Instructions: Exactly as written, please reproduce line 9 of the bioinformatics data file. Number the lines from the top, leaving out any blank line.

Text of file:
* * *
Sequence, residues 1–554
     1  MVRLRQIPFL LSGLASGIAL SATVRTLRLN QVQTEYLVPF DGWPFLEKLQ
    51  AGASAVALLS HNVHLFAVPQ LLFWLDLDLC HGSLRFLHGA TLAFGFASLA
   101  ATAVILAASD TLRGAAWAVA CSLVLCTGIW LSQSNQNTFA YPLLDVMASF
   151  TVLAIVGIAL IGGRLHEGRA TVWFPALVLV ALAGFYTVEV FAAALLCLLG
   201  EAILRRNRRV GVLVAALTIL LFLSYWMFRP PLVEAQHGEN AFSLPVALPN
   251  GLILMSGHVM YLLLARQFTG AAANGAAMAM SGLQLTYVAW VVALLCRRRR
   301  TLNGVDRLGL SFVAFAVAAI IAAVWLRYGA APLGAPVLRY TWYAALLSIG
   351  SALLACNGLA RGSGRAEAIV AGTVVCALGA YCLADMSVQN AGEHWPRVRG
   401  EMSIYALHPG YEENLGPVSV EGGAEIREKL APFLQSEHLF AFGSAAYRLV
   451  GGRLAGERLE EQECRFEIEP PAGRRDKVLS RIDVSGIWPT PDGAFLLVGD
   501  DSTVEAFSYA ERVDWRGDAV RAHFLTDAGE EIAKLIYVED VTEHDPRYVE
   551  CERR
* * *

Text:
   351  SALLACNGLA RGSGRAEAIV AGTVVCALGA YCLADMSVQN AGEHWPRVRG